In the 16th century it was the Dominican friars like Vitoria, Las Casas and Montesino in Salamanca who confronted the state and challenged public opinion about the rights of the indigenous peoples in Spain's newly colonised lands. Not even the most nostalgic and forgiving Jesuit would opine that the modern practitioners of Morality with a capital M challenging the powers of the market and the state would be found in a modern monastery.

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  • ARTS AND CULTURE

    Existentialism and sexism in Blade Runner's future

    • Tim Kroenert
    • 11 October 2017
    3 Comments

    So considerable are its strengths that Blade Runner 2049 is a future classic, to be discussed and dissected for decades. That it will become so while blithely reinforcing the primacy of the white male gaze in popular culture is to be regretted.

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  • ENVIRONMENT

    Electric carmaggedon

    • Greg Foyster
    • 14 September 2017
    6 Comments

    There are lots of reasons why China wants to accelerate the uptake of electric vehicles. It desperately needs to curb air pollution, which the World Health Organization estimates kills more than a million of its citizens each year. It also wants to reduce dependence on imported oil, and help meet climate change targets. Most crucial, however, is China's intention to dominate the global market for electric vehicles and the technology that powers them, lithium-ion batteries.

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  • RELIGION

    The Copenhagen breakthrough in the Timor Sea

    • Frank Brennan
    • 04 September 2017
    1 Comment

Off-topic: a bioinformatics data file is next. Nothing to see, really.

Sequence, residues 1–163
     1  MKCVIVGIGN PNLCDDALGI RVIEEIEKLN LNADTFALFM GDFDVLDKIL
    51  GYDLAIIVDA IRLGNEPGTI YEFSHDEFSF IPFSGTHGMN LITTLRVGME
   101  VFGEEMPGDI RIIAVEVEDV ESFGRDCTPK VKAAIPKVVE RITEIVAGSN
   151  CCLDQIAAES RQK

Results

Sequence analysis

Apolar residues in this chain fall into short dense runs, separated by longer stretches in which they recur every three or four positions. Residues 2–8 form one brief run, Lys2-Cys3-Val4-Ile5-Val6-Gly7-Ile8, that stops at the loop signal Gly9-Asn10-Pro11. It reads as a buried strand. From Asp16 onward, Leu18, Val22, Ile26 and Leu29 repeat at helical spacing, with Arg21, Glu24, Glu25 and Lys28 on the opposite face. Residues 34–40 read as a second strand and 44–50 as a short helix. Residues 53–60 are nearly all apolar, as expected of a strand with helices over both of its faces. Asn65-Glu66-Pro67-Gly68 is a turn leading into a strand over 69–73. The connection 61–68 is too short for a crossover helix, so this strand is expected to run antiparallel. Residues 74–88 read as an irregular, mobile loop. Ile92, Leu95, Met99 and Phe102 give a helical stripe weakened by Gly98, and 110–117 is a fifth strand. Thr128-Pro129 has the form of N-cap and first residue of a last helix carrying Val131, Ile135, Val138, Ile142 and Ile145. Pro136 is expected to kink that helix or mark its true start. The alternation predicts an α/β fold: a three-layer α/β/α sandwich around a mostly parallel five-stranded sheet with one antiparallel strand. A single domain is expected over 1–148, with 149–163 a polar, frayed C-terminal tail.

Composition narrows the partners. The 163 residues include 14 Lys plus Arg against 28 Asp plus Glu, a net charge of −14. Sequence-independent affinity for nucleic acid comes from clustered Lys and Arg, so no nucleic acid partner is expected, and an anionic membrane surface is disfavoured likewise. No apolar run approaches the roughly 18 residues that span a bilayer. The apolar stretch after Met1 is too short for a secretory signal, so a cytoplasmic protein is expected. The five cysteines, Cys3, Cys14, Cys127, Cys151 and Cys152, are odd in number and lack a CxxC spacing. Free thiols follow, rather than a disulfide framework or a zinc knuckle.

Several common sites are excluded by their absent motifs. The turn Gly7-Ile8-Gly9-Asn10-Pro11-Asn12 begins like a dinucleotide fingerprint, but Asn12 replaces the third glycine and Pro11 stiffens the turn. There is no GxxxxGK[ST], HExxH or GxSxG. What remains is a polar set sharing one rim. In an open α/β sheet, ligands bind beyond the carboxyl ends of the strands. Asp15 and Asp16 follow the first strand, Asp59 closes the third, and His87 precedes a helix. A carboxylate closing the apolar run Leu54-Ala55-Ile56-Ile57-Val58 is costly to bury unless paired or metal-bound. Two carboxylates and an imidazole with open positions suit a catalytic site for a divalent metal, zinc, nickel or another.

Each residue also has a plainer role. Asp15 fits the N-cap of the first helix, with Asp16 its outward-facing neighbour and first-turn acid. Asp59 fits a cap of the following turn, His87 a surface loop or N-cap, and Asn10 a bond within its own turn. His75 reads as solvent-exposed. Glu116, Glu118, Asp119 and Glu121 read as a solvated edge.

It is very good news that the two governments have reached agreement on 'a pathway to the development of the resource, and the sharing of the resulting revenue'. Given the stand-off in the South China Sea, Timor's agent Agio Pereira is right to express pride and satisfaction that 'with our joint success at resolving our dispute through this conciliation process, Timor-Leste and Australia hope to have set a positive example for the international community at large'.

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  • ARTS AND CULTURE

    The maestro and the war-scarred boy

    • Jena Woodhouse
    • 28 August 2017
    5 Comments

    He takes his flawless artistry to children traumatised by war, and plays for them this old violin, his oracle of everything. One lad has improvised an instrument: two strings, a stick as bow; and thrown away the rifle he was issued with to maim, destroy. Together they make music ...

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  • AUSTRALIA

    Homelessness has many faces

    • Danusia Kaska
    • 20 June 2017
    9 Comments

    The first thing I noticed was his Mercedes. Then I saw he was also wearing an expensive-looking suit. We don't see the likes of guys like 'John' coming to our soup vans every day. When you've been serving food to many of the city's hungry, lonely and dispossessed for a couple of decades you do get used to seeing the same old faces. But John reminded me of an important lesson. That homelessness hasn't got a 'look', and 'homeless' never describes the person, only their circumstance.